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Innovation to Improve 3D Navigation
SFU researchers are working on new technologies that deliver more authentic and user-friendly three-dimensional (3D) Virtual Reality (VR) experiences and may lead to more efficient and accessible options for navigating virtual worlds.
Together with School of Interactivce Arts & Technology (SIAT) professor Bernhard Riecke, head of the iSpace (immersive, Spatial, Perception, Action/Art, Cognition, Embodiment lab), and SIAT professor Wolfgang Stuerzlinger, head of the VVISE (Virtual and Augmented Reality, Visual Analytics, Interaction, Systems & Experiments Lab), SIAT Master’s student Thinh (Ted) Nguyen-Vo, designed and led an experiment to evaluate and compare the NaviBoard—a new VR navigation interface developed by SFU researchers—to other forms of VR navigation.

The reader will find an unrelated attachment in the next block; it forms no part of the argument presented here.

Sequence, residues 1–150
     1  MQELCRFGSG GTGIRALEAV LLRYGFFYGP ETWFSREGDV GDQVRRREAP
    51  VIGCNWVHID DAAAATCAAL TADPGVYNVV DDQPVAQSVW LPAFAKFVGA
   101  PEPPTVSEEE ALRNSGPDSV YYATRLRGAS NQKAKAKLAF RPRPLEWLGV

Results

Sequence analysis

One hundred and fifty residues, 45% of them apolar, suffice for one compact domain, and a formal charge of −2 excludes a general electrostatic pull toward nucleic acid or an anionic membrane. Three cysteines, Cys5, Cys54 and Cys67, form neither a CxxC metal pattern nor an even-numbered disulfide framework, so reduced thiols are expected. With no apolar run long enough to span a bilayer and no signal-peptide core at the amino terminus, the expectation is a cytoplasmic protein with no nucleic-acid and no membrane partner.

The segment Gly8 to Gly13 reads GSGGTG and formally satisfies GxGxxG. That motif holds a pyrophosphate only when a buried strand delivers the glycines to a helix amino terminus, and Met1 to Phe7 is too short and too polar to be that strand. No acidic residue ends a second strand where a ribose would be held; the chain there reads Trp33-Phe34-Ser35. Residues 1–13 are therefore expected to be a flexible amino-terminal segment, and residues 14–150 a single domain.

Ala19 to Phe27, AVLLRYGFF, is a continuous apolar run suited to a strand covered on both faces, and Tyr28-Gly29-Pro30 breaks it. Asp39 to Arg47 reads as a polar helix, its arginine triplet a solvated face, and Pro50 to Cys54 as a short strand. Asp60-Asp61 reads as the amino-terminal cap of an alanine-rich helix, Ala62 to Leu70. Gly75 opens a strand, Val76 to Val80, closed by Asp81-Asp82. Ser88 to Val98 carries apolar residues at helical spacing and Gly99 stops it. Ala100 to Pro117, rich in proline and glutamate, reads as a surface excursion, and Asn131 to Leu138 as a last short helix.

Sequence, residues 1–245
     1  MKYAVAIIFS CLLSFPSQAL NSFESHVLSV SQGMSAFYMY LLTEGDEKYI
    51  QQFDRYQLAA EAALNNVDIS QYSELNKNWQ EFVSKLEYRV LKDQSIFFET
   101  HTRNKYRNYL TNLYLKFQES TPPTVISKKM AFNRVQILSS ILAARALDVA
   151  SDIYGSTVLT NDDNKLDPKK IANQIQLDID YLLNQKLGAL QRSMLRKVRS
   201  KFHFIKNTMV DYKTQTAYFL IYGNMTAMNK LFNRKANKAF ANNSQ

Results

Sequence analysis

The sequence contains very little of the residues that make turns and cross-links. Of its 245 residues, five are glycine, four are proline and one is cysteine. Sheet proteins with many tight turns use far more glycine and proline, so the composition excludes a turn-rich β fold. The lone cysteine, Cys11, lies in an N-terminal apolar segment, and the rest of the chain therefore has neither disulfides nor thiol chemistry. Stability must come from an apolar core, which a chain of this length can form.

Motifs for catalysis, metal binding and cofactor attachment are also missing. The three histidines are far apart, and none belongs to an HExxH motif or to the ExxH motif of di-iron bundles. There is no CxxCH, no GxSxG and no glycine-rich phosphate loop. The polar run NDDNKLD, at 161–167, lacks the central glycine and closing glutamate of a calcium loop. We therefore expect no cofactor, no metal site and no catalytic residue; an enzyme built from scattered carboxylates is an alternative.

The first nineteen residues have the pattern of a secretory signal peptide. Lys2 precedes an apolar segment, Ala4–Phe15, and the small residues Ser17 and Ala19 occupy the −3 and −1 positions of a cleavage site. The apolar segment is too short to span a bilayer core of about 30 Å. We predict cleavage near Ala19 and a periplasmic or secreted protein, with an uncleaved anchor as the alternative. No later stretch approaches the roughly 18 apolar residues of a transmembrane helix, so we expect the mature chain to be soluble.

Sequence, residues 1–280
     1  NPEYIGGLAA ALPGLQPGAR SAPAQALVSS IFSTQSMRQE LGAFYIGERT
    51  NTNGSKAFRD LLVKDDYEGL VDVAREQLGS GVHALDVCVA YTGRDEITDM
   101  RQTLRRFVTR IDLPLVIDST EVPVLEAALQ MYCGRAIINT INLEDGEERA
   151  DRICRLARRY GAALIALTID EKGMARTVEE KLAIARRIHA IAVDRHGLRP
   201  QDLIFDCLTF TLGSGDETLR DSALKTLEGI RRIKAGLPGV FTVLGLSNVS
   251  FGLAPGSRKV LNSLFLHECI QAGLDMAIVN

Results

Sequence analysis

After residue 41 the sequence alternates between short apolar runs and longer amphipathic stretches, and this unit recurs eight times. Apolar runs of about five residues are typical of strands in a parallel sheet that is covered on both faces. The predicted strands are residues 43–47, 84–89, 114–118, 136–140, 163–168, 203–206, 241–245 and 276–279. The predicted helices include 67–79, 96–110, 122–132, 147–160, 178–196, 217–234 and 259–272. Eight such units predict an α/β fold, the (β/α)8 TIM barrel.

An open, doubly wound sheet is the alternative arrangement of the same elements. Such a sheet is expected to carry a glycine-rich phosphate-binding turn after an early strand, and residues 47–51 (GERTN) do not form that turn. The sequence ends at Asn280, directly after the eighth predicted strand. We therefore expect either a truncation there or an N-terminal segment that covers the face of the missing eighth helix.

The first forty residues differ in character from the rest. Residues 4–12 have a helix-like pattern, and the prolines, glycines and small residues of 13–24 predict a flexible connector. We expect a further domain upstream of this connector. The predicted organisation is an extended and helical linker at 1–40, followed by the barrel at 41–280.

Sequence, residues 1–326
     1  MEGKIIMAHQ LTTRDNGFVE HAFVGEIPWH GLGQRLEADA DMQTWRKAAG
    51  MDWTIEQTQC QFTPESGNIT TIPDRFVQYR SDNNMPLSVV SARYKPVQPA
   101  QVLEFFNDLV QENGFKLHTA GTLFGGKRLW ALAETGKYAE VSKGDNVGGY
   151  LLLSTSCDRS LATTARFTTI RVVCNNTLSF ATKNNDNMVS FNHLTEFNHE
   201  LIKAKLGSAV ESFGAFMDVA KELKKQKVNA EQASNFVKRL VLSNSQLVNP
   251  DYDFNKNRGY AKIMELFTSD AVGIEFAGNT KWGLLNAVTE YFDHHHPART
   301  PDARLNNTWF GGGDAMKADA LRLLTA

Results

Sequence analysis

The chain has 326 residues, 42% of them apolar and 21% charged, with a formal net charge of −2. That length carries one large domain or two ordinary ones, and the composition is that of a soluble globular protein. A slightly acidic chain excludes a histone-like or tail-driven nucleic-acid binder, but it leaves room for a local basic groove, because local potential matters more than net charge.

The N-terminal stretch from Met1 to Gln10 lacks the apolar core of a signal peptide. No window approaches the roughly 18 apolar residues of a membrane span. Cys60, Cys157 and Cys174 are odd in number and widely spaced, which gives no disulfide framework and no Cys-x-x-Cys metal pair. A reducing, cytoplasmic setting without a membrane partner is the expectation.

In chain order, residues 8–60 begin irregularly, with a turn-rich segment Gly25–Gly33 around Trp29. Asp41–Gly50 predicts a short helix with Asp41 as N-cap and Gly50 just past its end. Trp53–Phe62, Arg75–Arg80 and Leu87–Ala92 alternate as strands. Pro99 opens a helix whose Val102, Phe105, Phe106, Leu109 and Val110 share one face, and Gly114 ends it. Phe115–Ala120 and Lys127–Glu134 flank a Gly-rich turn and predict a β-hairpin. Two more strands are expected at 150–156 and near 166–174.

The NaviBoard, which is an innovative VR navigation interface designed by the researchers that allows whole body leaning and stepping to control speed and direction while navigating virtual worlds is showing promising results and may lead to more efficient and accessible options for navigating 3D virtual worlds. The more a user leans, the faster they go.
The NaviBoard may provide an alternative to locomotion by walking in a tracked space, which requires large spaces that are expensive to build and maintain and can also present safety issues.
“As a member of the iSpace Lab, I was able to design and develop experiments from end to end — from planning and designing to coding and analysis, and present my ideas to Bernhard and the team,” says Nguyen-Vo.